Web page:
Eric Berry researching pollen of wild senna
Eric Berry researching pollen of wild senna

For several years my lab has been focused on the population biology of the rare and endangered wildflower Senna hebecarpa (wild senna). Very little is known about the biology of this species, which is going extinct throughout much of the Northeast. To better assess the species current conservation status my lab has begun documenting the plant's basic reproductive biology, life-history parameters (rates of birth, growth, and death), and population viability. See Directed Research below for recent research findings.

Amherst Country Club Cooperative Audubon Sanctuary

The conservation organization Audubon International manages a cooperative sanctuary program that is designed to help golf courses protect their environment through educational opportunities and a certification program. As part of the certification process, course managers must assess environmental resources and develop an overall environmental plan for the property. My lab has been working to assess plant species composition and abundance along a riparian corridor within the Amherst Country Club in (Amherst, NH). The golf course is a certified cooperative Audubon sanctuary and the riparian vegetation along a river that bisects the course represents the largest natural area on the property. See Directed Research below for recent research findings.

Directed Research Projects

Amherst Country Club Audubon Sanctuary
Amherst Country Club Audubon Sanctuary

Research in my lab is primarily focused on plant ecology and conservation. Students interested in conducting an independent research project are welcome to work with me on the Northern wild senna or the Amherst Country Club Audubon Sanctuary projects described above. Students are also welcome to work on other local plant species that are rare, invasive, or otherwise ecologically important. Examples of recent student research projects from my lab are listed below. For more information on enrolling in directed studies visit the biology department's Directed Research.

Research Publications

  • Cleavitt, N.L, Berry, E.J., Hautaniemi, J, and Fahey, T. J. (2017). Life stages, demographic rates and leaf damage for the round-leaved orchids, Platanthera orbiculata (Pursh.) Lindley and P. macrophylla (Goldie) P.M. Brown in a northern hardwood forest, New Hampshire, USA. Botany. 95:61-71.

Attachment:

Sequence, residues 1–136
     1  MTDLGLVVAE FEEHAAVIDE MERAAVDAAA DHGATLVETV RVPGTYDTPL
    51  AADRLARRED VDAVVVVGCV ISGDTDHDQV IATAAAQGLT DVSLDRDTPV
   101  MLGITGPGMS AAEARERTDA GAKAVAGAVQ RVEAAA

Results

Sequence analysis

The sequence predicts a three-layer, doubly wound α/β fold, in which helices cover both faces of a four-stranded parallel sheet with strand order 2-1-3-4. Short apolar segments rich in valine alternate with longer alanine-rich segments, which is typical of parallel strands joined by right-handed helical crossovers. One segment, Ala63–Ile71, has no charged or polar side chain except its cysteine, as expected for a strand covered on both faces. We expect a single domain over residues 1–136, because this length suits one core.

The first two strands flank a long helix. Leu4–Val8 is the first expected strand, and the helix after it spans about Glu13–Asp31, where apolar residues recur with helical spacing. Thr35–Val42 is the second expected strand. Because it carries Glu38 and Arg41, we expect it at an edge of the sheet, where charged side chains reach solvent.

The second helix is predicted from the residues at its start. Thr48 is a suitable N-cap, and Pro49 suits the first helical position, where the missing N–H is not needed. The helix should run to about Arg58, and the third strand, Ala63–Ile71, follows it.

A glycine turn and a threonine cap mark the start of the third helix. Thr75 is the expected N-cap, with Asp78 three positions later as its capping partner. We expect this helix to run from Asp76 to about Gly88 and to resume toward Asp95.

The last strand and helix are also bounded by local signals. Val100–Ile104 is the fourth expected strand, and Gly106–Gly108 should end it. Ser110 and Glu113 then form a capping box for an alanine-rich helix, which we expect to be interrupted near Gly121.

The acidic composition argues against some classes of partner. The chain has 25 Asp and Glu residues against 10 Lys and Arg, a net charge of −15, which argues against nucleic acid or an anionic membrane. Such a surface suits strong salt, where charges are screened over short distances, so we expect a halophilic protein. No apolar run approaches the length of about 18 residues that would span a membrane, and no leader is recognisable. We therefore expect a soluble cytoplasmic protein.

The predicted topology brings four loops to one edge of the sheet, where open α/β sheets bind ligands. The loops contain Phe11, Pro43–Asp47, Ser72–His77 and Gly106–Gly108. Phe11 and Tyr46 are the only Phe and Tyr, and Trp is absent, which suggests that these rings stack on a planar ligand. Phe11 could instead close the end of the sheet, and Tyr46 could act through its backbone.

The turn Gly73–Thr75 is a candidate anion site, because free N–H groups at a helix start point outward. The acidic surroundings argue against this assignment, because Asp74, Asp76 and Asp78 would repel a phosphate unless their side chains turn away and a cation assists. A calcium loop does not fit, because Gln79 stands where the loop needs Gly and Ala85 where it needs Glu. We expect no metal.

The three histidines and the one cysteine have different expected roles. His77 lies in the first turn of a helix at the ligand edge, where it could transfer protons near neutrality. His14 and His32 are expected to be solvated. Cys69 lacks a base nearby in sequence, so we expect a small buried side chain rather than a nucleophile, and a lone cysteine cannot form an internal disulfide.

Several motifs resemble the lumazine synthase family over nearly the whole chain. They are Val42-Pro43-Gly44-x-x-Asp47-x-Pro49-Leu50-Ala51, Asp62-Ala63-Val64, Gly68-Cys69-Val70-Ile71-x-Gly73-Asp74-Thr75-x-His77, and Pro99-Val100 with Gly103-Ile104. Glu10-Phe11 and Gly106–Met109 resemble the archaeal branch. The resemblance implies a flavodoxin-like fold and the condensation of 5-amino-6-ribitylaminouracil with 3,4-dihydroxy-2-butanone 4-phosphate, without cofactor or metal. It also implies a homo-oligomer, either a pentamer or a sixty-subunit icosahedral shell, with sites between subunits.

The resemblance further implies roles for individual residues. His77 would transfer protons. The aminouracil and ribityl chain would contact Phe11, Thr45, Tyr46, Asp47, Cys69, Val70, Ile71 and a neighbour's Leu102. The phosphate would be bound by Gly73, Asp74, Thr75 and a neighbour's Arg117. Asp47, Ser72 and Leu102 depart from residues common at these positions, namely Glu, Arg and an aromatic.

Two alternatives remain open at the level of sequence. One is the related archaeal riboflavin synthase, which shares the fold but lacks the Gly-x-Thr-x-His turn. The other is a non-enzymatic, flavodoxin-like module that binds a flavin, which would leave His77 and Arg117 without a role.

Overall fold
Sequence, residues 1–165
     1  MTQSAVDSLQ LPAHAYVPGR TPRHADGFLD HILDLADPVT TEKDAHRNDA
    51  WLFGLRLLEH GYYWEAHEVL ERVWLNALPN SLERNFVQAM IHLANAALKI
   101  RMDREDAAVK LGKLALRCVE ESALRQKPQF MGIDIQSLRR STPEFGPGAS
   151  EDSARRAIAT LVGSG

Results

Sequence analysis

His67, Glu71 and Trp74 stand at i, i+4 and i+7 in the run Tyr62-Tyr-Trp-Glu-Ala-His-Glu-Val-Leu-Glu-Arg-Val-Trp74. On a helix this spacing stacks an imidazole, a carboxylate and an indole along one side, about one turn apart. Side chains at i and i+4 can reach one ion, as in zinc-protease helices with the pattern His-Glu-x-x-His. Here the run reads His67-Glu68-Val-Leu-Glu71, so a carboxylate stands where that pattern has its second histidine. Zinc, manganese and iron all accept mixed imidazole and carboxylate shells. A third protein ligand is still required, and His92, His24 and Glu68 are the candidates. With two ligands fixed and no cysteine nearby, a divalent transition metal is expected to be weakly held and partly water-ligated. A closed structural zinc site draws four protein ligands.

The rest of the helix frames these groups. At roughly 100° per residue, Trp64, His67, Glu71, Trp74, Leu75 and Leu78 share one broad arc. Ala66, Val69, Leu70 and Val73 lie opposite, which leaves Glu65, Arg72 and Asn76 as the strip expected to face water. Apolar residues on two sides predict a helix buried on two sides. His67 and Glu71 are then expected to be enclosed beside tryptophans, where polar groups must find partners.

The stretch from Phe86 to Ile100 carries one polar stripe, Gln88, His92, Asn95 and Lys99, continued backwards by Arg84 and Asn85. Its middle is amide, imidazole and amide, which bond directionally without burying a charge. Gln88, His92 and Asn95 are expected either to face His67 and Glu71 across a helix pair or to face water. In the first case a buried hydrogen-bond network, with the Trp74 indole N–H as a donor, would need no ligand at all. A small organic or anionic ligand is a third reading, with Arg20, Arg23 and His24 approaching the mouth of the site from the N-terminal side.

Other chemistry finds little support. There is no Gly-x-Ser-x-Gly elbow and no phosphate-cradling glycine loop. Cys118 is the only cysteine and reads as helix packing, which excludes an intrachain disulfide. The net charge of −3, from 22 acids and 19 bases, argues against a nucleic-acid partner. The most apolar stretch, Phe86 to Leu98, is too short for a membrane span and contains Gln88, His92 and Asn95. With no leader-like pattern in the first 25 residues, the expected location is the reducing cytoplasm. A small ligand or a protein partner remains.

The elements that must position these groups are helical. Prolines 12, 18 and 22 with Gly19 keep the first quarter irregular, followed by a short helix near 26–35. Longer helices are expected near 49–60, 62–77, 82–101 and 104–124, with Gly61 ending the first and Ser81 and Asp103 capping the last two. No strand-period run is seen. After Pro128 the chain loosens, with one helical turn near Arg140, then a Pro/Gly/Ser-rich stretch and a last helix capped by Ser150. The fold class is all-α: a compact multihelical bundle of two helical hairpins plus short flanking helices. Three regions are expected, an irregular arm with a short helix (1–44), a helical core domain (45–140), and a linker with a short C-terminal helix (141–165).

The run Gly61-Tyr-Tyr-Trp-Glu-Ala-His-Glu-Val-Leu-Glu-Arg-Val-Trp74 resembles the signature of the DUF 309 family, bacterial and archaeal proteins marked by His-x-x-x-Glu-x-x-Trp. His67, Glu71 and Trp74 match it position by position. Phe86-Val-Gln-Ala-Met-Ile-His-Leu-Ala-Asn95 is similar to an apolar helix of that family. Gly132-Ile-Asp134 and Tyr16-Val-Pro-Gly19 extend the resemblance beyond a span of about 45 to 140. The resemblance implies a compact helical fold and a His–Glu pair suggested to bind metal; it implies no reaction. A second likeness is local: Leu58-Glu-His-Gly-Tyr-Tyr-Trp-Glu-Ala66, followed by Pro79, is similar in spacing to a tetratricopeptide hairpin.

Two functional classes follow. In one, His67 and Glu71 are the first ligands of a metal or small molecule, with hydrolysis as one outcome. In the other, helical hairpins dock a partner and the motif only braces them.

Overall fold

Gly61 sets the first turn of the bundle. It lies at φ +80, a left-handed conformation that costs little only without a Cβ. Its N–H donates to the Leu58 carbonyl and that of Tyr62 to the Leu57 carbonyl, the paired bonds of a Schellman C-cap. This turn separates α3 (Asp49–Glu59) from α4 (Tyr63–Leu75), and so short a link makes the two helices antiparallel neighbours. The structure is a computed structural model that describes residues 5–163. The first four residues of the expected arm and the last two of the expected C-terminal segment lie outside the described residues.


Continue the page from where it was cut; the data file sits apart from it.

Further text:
• Berry, E. J. Darnowski, C, & Wheeler, J. (2013) Reproductive biology of northern wild senna (Senna hebecarpa): flowering phenology, fruit set, and a test for inbreeding depression. Journal of the Torrey Botanical Society. 140(1): 9-19.
  • Berry, E. J., Gorchov, D. L., & Endress, B. A. (2011). Source-sink population dynamics and sustainable leaf harvest of the understory palm Chamaedorea radicalis. In Liu, J., V. Hull, A. Morzillo, and J. Wiens (editors). Sources, sinks, and sustainability across landscapes. Cambridge University Press.
  • Berry E.J., Gorchov D.L., Endress B.A., and Stevens M.H.H. 2008. Source-sink dynamics within a plant population: the impact of substrate and herbivory on palm demography. Population Ecology. 50:63-77 Population Ecology (PDF/650KB).
  • Berry E. J. & Gorchov D. L. 2006. Female fecundity is dependent on substrate, rather than male abundance, in the wind-pollinated, dioecious understory palm Chamaedorea radicalis. Biotropica. 39:186-194. Biotropica (PDF/200KB).
  • Endress B. A., Gorchov D. L., & Berry E. J. 2006. Sustainability of a non-timber forest product: Effects of alternative leaf harvest practices over six years on yield and demography of the palm Chamaedorea radicalis. Forest Ecology and Management 234:181-191. Forest Ecology and Management (PDF/350KB).
  • Berry E. J. & Gorchov D. L. 2004. Reproductive biology of the dioecious understory palm Chamaedorea radicalis in a Mexican cloud forest: pollination vector, flowering phenology, and female fecundity. Journal of Tropical Ecology 20:1-8. Journal of Tropical Ecology (PDF/900KB).